nipple chaffing

Nipple chaffing guide

Chaffing is a sensitive topic. It’s difficult for people to talk openly about it. It affects sensitive areas of the body. It’s taboo. We don’t need to feel ashamed or embarrassed. We don’t have to deal with it in secret. I’m here to say that it is okay to talk about it. That’s how we tackle this beast. I am going to venture into this delicate area, to expose it for what it is, an effort to help you prepare for and prevent it from happening to you. That sensitive area is nipple chaffing.

What is nipple chaffing?

Chaffing occurs when there’s rubbing, either skin against skin or skin against clothing. This causes irritation, redness, and a shit ton of discomfort. And it can happen anywhere on the body including thighs, groin, underarms, and yes, nipples.

Causes of nipple chaffing

Nipple chaffing happens when a sweaty shirt rubs against nipples. This causes friction and it usually occurs during sweat-inducing activities, like running. It is extremely common for men who run in the summertime or in hot climates. The heat and exercise cause the body to sweat. This sweat causes the clothing to become wet and heavy. A heavy shirt that rubs against nipples causes friction. And over a long period of time, this can create nipple chaffing.  

Bloody horror story

When you start a training run your shirt is dry. After running for a while, you start sweating and this causes your shirt to become wet and heavy. A heavy shirt rubs your nipples, and not in a good way.  

The damage to the nipple tissue is directly correlated with the length of the training run. If you’re out for a quick 3 miler, there’s minimal damage. But, if you run 15 miles or more, your nipples will look like a scene out of a Tarantino movie. If you have ever been at the finish line of a long-distance race in the spring or summer, you may have seen that unfortunate soul who attempted to run without proper protection. It manifests itself with red circles over the nipples, usually with bloody streaks down the front of the shirt. It is unmistakable. I have been that unfortunate guy, and I wouldn’t wish that pain upon even my worst enemy.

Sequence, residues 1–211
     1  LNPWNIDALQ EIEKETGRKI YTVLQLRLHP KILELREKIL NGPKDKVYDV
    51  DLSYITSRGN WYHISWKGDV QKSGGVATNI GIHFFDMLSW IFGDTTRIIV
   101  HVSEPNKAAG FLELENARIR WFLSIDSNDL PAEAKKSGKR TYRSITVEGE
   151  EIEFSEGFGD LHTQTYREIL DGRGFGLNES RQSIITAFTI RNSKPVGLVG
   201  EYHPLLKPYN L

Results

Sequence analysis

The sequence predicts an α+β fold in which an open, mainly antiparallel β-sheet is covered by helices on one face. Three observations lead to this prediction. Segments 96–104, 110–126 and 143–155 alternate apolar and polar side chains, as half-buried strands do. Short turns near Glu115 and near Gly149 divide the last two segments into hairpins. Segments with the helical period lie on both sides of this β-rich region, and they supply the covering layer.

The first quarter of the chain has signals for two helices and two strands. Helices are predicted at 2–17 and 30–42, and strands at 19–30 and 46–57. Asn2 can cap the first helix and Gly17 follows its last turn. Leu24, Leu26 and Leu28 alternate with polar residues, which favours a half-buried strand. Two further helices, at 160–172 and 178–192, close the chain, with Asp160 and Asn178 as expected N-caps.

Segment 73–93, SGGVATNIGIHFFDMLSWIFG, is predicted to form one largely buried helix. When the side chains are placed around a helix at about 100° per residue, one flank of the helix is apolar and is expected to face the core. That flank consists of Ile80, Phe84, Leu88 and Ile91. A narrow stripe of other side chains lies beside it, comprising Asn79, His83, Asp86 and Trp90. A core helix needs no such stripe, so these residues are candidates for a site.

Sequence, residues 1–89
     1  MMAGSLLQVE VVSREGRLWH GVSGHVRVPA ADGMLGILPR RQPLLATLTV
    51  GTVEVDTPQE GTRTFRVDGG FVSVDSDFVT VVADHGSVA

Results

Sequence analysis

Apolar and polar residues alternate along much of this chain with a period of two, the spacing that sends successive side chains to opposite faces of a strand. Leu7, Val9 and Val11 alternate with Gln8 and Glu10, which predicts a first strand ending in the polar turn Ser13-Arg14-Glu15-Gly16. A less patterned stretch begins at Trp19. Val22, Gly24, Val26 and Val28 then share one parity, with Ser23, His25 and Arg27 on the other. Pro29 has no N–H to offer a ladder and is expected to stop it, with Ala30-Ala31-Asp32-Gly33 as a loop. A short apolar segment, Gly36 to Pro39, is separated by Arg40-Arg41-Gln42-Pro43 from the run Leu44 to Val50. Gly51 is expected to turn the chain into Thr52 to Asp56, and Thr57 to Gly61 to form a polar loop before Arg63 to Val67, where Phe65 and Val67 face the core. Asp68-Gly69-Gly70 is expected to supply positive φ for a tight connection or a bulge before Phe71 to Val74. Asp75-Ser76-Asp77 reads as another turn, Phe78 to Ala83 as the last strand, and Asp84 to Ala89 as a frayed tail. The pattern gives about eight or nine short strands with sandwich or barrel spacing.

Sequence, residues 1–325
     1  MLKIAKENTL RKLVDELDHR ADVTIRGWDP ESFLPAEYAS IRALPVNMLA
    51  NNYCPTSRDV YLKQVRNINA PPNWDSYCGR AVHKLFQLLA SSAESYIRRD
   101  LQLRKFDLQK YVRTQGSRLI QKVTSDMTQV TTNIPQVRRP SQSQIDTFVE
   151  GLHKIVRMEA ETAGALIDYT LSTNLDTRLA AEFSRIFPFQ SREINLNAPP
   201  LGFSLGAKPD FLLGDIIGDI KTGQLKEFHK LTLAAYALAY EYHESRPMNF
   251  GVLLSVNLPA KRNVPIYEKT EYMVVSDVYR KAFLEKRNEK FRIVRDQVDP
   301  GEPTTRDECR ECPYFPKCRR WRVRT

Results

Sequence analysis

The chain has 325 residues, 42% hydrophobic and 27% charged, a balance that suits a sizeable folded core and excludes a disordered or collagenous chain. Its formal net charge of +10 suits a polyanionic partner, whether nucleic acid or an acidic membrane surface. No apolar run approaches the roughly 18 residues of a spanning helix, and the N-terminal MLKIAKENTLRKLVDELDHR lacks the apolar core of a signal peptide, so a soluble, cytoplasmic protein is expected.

nipguard

Prevention of nipple chaffing

With all the scary news about nipple chaffing, the good news is that it is actually quite simple to avoid.

Clothing

Choice of clothing has a lot to do with preventing chaffing. Wearing the right running clothes minimizes the effects of nipple chaffing. It doesn’t completely stop it.

The wrong clothing soaks up a lot of sweat. And this causes friction. 100% cotton shirts will soak up a lot of sweat, get really heavy, and cause the most friction on the nipples. Steer clear of that. There are many clothing options that wick sweat away, which keeps clothing relatively dry. A dry shirt creates much less friction. The first step in prevention, wear moisture-wicking running clothes.

Stay dry

When I first started running, I wore shirts and shorts that were 100% cotton. I didn’t know what I didn’t know. One Saturday I went out on a run in the rain. As you can imagine this made the whole chaffing situation much, much worse. As a means of prevention, stay dry.

Lubricate

Let me just say, I’m not a huge fan of loobing up nipples. I don’t like lotions and creams on me. It makes me feel weird and slippery. I have talked to other runners and they do like the outcome of using a lubricant on their nipples. Lubricant creates a barrier that can minimize friction which lowers the probability of chaffing.

Cover the nipples

There are a lot of products out there that are very effective. I use a product called NipGuards. You apply these circular bandages to the nipples. And they act as a barrier between the nipple and the shirt, which prevents chaffing. They work great. You can find them online for about $10 for a package of 10 pairs. For those of you that have 2 nipples, it will cover you for 10 training runs. Your CPN (cost per nipple) is about 50 cents. This can be a more pricey option if you’re in the middle of a rigorous training program.

nipple chaffing